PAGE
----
I don't even know who to turn to for advise on these matters. Do I need an attorney, an accountant or a mortgage advisor? And how do I find a reputable one?
I lost my job 13 months ago and decided to take most of my savings and put it into a business with my new husband. My house has been on the market for 8 months and I am hemorrhaging $2500 from my savings each month to keep up with the payments.
I am down to my last $10,000 in savings and I really don't want to keep throwing my money into a black hole. The house still has a small amount of equity in it, about $10,000
The house is in my name only, but I bought the business jointly with my husband. What are my options? Can the bank come after my business? The business is not profitable at this time due to start up costs. My husband is already using his 401k to fund the business.
Any advise appreciated.
You are at a critical juncture. In a short period of time you will spend all of your savings. Your husband is depleting his 401k.
It is easy to tell you to stop wasting all of your savings on mortgage payments. However, it’s just not that easy.
Please consider the following:
A bank or creditor has the right to place a lien on your business asset if it obtains a court ordered personal judgment against you.
This assumes that the bank can prove you owe it money. The only instance in which you would owe the bank money is in the case of a deficiency. A deficiency debt is the difference between what the bank collects after the sale of your property and the balance of the mortgage loan (including fees, late penalties, legal fees, escrows, and unpaid interest.). A deficiency means the lender does not collect the full amount due on a mortgage loan. A deficiency debt can give rise to two different scenarios 1.) a deficiency judgment or 2.) debt forgiveness. A deficiency judgment is an unsecured money judgment against a borrower whose mortgage foreclosure sale did not produce sufficient funds to pay the underlying promissory note or mortgage loan, in full. This takes a time in court. Also, you have the right to defend yourself. I advise you to speak with a legal professional in order to understand the legal process.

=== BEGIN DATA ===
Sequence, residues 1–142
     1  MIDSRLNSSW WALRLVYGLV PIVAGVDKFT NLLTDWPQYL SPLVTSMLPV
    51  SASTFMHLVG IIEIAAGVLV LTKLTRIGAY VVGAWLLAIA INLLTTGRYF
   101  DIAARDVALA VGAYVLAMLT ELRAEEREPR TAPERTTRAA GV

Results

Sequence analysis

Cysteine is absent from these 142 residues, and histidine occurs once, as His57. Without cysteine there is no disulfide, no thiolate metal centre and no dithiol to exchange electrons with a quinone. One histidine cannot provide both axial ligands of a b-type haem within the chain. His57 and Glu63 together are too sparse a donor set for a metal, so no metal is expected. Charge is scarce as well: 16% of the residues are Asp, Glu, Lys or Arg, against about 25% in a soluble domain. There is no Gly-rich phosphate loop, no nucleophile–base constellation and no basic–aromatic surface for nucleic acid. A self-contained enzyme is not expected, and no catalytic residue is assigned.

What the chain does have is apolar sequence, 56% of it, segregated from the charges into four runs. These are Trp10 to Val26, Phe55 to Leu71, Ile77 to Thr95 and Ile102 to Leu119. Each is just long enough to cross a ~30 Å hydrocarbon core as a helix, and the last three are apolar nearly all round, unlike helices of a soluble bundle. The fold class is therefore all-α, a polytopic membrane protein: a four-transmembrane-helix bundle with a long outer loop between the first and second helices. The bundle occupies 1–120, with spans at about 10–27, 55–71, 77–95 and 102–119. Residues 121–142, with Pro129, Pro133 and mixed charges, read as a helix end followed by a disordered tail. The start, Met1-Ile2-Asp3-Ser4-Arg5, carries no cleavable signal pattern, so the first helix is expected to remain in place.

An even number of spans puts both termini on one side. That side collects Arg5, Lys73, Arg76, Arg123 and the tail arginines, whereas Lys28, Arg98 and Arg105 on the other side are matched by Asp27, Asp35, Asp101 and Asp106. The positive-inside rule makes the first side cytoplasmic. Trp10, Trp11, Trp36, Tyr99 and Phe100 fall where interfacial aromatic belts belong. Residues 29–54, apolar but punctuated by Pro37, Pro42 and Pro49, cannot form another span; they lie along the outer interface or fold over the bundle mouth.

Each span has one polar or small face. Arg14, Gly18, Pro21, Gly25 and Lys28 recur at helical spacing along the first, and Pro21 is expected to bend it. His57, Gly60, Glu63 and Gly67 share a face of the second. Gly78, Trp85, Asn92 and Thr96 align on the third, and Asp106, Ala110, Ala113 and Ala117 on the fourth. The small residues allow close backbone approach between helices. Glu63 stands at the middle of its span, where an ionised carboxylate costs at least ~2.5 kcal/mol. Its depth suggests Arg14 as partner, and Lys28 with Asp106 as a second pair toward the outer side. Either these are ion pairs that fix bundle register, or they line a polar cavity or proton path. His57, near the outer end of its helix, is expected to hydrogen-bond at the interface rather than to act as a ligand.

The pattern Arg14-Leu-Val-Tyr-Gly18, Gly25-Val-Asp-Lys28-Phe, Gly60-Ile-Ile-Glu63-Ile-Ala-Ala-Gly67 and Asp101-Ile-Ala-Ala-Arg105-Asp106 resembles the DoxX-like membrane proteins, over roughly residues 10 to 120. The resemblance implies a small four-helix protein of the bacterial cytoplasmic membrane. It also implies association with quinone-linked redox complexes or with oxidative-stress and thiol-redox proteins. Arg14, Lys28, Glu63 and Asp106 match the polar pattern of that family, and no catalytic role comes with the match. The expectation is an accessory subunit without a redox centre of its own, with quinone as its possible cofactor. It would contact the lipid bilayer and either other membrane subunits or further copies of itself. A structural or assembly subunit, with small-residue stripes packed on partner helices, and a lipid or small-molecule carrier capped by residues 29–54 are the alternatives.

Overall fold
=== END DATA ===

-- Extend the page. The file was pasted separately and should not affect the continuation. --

In the case of debt forgiveness, when a debt is forgiven it can be viewed as a taxable event by the IRS and your state taxing authority. Forgiven debt is income. Please click this link to learn more about deficiency obligations, deficiency, and forgiveness.
Certain states do not allow lenders the right to obtain a deficiency judgment. This is called a non-recourse state. Please click this link to learn more about non-recourse and recourse states.
The following are the primary risks of a strategic default:
1. You will have a deficiency debt.
2. Lower credit score.
3. Loss of the home or property to a foreclosure sale.
4. Recently, Fannie Mae implemented a rule that bans a person from obtaining a Fannie Mae mortgage, if that person strategically defaults. The ban last for seven years. Furthermore, the United States Government may pass a law that bans a person from obtaining a government insured loan, if that person strategically defaults. Please click this link to learn more.
5. Debt collections tactics, including mail, letters, personal visits to the property, phone calls to cell phone, work, and/or family members. Not all debt collection tactics are legal. You should become familiar with your state’s debt collection protection laws and the Fair Debt Collections Protections Act.
You should utilize the services of a legal professional and a financial professional. Your goal is to find a professional with experience in your type of matter. You can do a search online to learn more about a professional. You can also ask for a meeting to evaluate them. Furthermore, a local professional association may be able to refer you to a reputable professional.
You need to understand your risks. Your goal is to make a decision that will not expose you to any deficiency to the lender. You want to walk away without owing the lender another dime out of pocket.
I hope this helps. Feel free to write back.
Augustine A. Diji